At the end of 1952, with the best years of Hank Williams's career behind him, he hires a local kid to drive him through the Appalachian countryside for a pair of New Years shows in West Virginia and Ohio.
Fred Dalton Thompson
The story of the country-western singer Hank Williams, who in his brief life created one of the greatest bodies of work in American music. The film chronicles his rise to fame and its tragic effect on his health and personal life.
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Libby has spent a whole month trying to get into show business with her singing, and has not made it. Therefore she decides to retire and get a job where she can meet the right man and get ... See full summary »
On the final night of his life, Dec. 31, 1952, country music legend Hank Williams imagines himself giving a New Year's Eve performance in a small bar, with his comments to the audience reflecting upon his life.
The minister of the town has died and his son Chad has no tears for him. Sarah, who now calls herself Salome, is pregnant with Chad's baby, but Chad has no future, no job and no money. ... See full summary »
In the montage sequence chronicling Hank's success following his Grand Ole Opry appearance, all sheet music, publicity photos, etc. depict images of the actual Hank Williams, rather than George Hamilton, the actor portraying him. See more »
Unworthy and Disrespectful Bio of the Great Hank Williams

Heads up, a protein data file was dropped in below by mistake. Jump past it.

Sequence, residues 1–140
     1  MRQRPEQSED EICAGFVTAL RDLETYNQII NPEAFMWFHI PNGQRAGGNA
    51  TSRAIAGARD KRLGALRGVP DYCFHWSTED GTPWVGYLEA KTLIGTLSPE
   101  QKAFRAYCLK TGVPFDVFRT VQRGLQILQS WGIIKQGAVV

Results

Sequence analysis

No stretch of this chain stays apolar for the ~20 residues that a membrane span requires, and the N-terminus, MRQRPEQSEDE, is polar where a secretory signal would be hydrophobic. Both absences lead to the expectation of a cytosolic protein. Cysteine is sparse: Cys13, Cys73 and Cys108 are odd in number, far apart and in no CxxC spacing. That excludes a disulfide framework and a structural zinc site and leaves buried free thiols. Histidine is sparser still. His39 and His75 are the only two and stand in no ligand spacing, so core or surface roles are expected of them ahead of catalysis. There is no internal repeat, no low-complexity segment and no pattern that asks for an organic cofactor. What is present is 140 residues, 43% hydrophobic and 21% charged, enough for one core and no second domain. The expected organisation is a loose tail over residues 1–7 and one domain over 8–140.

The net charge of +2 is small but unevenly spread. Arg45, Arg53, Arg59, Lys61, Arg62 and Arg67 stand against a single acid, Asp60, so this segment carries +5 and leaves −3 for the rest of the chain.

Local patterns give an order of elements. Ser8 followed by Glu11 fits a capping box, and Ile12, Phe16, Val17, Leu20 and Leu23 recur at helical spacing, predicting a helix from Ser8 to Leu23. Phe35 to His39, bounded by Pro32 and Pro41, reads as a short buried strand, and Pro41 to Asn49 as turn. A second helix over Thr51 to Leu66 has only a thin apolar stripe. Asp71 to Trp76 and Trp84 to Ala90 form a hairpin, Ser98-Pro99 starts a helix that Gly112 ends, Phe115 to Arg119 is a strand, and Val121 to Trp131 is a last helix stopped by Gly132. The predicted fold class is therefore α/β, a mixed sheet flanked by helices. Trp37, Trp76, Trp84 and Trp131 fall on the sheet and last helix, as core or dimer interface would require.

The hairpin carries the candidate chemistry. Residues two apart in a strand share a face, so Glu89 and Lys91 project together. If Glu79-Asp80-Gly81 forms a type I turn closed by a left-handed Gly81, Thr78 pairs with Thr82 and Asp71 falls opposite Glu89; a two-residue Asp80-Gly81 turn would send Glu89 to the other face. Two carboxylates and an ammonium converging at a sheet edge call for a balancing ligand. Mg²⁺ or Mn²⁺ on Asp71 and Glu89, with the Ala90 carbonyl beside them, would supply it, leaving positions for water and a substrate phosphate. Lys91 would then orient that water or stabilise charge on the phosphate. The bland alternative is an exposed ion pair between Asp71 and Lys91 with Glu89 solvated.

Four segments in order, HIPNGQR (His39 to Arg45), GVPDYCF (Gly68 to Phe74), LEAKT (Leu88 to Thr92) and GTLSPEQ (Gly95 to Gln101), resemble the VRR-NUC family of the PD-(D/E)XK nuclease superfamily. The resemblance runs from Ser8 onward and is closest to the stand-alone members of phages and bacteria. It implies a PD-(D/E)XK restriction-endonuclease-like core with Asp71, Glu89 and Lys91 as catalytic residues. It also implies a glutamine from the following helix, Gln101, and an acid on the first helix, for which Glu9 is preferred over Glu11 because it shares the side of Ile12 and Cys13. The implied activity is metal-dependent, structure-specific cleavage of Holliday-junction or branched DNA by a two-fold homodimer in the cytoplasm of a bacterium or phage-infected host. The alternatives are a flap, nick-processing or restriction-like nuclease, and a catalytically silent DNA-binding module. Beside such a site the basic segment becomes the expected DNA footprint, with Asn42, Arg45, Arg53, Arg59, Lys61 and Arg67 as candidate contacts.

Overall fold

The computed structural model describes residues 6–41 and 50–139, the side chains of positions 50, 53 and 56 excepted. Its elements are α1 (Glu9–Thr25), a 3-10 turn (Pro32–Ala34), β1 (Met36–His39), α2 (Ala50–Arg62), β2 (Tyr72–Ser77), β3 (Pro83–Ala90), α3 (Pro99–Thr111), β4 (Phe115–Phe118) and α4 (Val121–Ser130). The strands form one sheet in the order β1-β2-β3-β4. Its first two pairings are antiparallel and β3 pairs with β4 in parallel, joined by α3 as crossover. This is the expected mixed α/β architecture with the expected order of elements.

Few today recall or ever knew the MGM biography of Hank Williams was under development --- on hold --- for 10 years while MGM squabbled with Audrey Williams over the script, a script which eventually dishonored country music's greatest-ever star. It's been over 30 years since I saw this picture, but I remember it was (1) the most anticipated movie I ever saw, (2) a great disappointment, and (3) a great pleasure to see a movie about Hank despite the dishonesty and Audrey's self-serving spin job.
In 1982, a man who really understood Hank Williams and his legacy created a stage play in London, England called "Hank Williams, the Show He Never Gave." In 1983, this was made into a movie, and has been out in both VHS and DVD. The 1983 movie, like Hank's music, is emotional enough to tear your heart out.
People who love Hank Williams seldom explain his legacy to others, as it's too personal and heartfelt; something to be tucked carefully inside one's own heart. Our love for him is intense, internal; never fading with time's passage.
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